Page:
To better understand the diversity of reef types and potential reef changes in Hawaii, we used both benthic and fish data to define reef regimes5. Previous efforts have relied solely on benthic cover (i.e. coral versus algae) to define reef state. Our more holistic, ecosystem based approach to identifying reef regimes is novel for treating the fish community as a component of the ecosystem instead of a driver of the ecosystem. Our analysis provides a more nuanced understanding of reef regimes, revealing five distinct reef types, in contrast to the traditional perception of only two dominant states:
Mapping these regimes enhances our understanding of the distribution and variation of reefs across Hawai‘i.
Complementary time series data allowed us to look at transitions among reef regimes explicitly for 65 sites. This analysis showed that while all possible regime transitions are possible, some are more likely (e.g., 4->1, 4->5) and some regimes appear more stable through time, (e.g., regimes 1 and 2). The variety of transitions observed suggests that reef change is a more subtle and variable process than implied by the simple view that under stress reefs degrade from “healthy,” coral-dominated to “unhealthy,” algal-dominated. Exploring the distinctions that separate regimes, and patterns of transitions among them, helps establish a baseline for measuring reef change and prioritizing protection for reefs prone to tipping points.
To learn more, click here.
Mapping environmental and human drivers of reef regimes
We created statewide maps showing the distribution and intensity of human and environmental drivers of coral reef ecosystem state across Hawai‘i6. The environmental driver data were gathered from recent satellite-based sea surface temperature, chlorophyll-a, irradiance, and modeled wave energy data. Human drivers of coral reef ecosystem health included data on commercial and non-commercial fish catch, invasive species, effluent, habitat modification, and sedimentation on reefs.
Example data layer representing reef fish catch across Hawaii. For more details and to download datasets go to PacIOOS.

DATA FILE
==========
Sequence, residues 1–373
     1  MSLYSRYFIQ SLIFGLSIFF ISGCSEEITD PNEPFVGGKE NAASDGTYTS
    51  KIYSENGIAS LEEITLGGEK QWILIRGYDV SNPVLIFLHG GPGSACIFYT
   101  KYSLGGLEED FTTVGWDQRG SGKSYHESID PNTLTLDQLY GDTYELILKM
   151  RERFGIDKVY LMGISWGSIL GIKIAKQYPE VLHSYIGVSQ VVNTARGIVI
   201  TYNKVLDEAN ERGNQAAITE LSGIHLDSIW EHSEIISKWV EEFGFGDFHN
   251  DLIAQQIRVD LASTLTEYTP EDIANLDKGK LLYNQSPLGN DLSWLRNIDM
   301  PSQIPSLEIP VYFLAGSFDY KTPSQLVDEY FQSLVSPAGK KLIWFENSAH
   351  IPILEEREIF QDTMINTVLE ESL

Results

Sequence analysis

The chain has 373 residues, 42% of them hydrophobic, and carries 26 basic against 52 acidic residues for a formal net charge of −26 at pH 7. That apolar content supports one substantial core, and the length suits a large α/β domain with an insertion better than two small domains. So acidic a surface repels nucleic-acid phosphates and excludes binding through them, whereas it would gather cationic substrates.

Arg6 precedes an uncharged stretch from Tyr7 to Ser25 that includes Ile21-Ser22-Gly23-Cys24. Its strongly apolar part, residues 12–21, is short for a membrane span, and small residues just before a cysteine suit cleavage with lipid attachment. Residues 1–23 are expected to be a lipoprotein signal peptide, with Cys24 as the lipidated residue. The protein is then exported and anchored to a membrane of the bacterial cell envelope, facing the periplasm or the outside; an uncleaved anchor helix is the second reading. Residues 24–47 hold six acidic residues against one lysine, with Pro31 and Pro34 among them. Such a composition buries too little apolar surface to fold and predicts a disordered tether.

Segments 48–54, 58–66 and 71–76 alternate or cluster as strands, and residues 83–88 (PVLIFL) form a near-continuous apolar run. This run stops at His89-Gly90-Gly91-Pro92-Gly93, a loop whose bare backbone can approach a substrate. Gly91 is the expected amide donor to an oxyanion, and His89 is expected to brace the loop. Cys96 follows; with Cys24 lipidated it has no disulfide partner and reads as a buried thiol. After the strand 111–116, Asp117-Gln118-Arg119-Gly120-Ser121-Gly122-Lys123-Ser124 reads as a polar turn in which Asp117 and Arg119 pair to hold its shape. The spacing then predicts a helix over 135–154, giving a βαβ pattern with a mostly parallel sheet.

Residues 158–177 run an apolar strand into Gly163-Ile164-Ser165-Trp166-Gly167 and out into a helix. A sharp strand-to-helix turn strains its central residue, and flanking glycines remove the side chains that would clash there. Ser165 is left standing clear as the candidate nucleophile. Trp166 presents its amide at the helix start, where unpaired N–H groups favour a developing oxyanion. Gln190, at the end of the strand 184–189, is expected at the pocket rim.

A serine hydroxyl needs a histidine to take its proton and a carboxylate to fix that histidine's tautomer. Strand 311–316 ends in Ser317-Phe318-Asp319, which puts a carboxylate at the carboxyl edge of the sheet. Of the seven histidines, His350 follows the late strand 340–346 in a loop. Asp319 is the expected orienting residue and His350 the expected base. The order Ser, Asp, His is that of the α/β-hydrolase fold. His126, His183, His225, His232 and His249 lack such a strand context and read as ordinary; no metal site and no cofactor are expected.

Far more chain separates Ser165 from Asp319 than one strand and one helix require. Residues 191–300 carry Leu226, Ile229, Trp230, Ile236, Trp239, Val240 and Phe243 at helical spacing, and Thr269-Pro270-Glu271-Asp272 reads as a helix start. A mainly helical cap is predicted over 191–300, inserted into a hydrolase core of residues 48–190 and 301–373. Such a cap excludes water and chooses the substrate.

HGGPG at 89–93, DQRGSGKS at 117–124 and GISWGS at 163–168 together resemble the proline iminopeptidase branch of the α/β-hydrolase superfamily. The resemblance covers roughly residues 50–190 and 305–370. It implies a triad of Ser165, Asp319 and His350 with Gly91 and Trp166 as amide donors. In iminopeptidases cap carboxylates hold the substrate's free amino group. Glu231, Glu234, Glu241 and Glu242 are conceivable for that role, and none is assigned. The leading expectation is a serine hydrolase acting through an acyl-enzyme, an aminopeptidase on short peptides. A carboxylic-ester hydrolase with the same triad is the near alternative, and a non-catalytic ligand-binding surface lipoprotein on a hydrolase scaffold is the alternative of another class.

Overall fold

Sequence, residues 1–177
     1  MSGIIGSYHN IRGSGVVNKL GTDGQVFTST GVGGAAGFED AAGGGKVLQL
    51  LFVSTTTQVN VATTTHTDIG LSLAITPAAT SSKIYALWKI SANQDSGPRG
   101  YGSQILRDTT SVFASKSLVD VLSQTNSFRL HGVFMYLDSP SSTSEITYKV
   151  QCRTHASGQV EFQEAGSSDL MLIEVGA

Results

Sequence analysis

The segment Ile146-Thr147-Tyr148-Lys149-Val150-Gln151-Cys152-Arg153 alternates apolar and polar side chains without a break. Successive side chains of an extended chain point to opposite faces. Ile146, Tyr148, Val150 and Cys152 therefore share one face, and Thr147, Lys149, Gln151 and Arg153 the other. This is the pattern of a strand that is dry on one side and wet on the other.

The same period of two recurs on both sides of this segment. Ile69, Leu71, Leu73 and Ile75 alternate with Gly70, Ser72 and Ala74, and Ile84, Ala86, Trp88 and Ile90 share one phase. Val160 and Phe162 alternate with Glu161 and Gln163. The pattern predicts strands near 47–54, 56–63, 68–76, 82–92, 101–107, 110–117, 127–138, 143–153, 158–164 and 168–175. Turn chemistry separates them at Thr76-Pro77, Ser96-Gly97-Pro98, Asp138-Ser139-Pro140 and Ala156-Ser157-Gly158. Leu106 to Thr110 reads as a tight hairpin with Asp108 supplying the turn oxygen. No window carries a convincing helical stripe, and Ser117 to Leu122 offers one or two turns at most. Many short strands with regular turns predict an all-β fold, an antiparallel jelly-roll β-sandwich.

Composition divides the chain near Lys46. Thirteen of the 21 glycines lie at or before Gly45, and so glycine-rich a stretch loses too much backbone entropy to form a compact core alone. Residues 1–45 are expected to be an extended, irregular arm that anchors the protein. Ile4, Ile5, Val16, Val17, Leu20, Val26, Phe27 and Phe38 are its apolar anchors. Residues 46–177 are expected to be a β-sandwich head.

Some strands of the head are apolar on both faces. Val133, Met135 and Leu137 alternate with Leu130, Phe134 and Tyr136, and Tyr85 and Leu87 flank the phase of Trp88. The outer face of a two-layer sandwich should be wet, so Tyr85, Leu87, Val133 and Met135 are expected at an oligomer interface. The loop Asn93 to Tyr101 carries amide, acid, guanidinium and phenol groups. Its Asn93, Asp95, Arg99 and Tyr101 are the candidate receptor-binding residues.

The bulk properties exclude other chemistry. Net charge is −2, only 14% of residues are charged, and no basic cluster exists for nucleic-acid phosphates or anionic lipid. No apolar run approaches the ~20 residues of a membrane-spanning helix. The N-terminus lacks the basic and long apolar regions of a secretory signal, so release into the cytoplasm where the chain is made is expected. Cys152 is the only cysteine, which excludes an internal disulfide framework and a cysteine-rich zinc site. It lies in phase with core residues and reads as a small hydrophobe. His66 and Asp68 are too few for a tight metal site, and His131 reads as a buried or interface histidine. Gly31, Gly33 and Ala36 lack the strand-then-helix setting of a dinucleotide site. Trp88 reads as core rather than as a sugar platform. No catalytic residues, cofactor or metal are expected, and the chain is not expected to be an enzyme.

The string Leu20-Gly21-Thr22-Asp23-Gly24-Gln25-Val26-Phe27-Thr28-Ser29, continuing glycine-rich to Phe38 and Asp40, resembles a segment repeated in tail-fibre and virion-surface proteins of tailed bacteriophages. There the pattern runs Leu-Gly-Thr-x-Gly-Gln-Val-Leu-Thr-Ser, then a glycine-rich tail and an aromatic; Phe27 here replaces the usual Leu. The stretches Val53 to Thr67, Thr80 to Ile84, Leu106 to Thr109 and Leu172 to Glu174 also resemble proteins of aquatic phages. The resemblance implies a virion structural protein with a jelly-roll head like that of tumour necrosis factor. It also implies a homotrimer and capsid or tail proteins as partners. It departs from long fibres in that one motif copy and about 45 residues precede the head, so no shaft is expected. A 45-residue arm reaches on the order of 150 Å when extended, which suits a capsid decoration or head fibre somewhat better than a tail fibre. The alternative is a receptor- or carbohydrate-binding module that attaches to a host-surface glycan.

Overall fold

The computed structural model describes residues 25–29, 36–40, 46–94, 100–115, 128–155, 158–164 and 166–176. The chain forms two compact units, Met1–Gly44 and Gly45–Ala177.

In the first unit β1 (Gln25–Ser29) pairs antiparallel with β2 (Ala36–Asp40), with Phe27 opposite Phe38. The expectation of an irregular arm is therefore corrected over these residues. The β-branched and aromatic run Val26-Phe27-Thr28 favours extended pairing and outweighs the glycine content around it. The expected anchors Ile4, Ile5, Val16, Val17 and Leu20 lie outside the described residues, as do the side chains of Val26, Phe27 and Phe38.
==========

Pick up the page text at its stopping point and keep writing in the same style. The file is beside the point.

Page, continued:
Not surprisingly, levels of many human impacts are highest on Oahu, including habitat modification, invasive species, and boat-based fishing pressure. Sedimentation and nutrient runoff are the dominant influences in specific locations on Maui, the Big Island, and North Shore of Oahu. The analysis of environmental drivers showed strong variation in productivity and mixing across the archipelago related to coastline shape and orientation.
With an integrated and comprehensive picture of how both human and environmental drivers of coral reef health vary in space across the Hawaiian Archipelago, managers can start to prioritize places and management actions. You can explore the maps interactively in our storymap, and the datasets are publically available on PacIOOS for download.
To learn more, click here.
Linking regimes to environmental and human drivers and quantifying thresholds
Next we used a statistical modeling approach to understand which drivers are most important in explaining the distribution of a given reef regime and the relative influence of environmental versus human factors7. The technique is a machine learning approach called Boosted Regression Trees (BRT). This technique relates the presence/absence of each reef regime to individual drivers and their interactive effects.
The analysis also produces scatter plots that reveal the shape of the relationship between each regime and each driver. Threshold relationships between drivers and regimes can be quantified with these plots.